“My brother was my biggest inspiration for hoop dancing,” Sonwai said. “As early as 4, my brother would perform at all these festivals all over the United States. He became so good, so fast. By the time he was in the youth division at around 8 or 9 years old he was already winning championships.”
Her travels with her parents taught her that she had an opportunity to share her culture beyond her own community.
“To be constantly immersed in the Native American art world exposed us to sharing our culture and learning how unique our culture is,” Sonwai says.
Sonwai originally wanted to be a painter, but when her brother joined Cirque du Soleil she followed two years later. The siblings danced in Spain, Germany, Russia, Australia, New Zealand, Singapore and Japan.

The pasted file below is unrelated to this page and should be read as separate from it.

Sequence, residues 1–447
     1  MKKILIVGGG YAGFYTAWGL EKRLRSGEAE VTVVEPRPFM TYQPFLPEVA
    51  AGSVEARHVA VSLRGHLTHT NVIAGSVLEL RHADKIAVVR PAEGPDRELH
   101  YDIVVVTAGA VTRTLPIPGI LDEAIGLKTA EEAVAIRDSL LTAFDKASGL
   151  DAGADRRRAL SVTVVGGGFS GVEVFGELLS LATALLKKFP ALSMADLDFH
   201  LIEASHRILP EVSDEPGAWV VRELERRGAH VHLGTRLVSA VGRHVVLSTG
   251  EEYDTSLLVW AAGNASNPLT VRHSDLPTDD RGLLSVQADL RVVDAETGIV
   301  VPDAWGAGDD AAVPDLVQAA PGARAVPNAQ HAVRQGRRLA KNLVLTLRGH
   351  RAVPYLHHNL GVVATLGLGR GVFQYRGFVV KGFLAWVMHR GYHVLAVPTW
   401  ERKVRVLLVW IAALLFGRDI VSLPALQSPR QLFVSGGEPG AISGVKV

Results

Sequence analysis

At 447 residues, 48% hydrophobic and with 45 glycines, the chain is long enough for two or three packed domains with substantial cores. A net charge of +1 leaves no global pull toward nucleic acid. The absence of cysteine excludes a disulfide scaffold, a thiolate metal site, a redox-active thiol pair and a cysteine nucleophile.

“I realized it was a way for me to travel the world and to share my culture at the same time, which is what I love the most,” Sonwai said.
Mentoring youth dancers
When the pandemic hit, Cirque du Soleil had to shut down. Sonwai and Nakotah went back home to New Mexico to teach the young people in their community. Many of their students are entered in the youth division of the Heard championship.
Sonwai is also a model and an actress, and she works as an instructor at the Lightning Boy Foundation, a nonprofit formed in 2013 by her father and Nakotah. It provides traditional hoop dance instruction and other dance programming to Native American youths.
“They invest so much time and effort in mentoring young dancers,” Hagerty said. “They’ve done an incredible job of using hoop dancing as a way of encouraging the young people in their communities to not only learn a skill, but as a way of teaching life skills and being with and respecting one another.”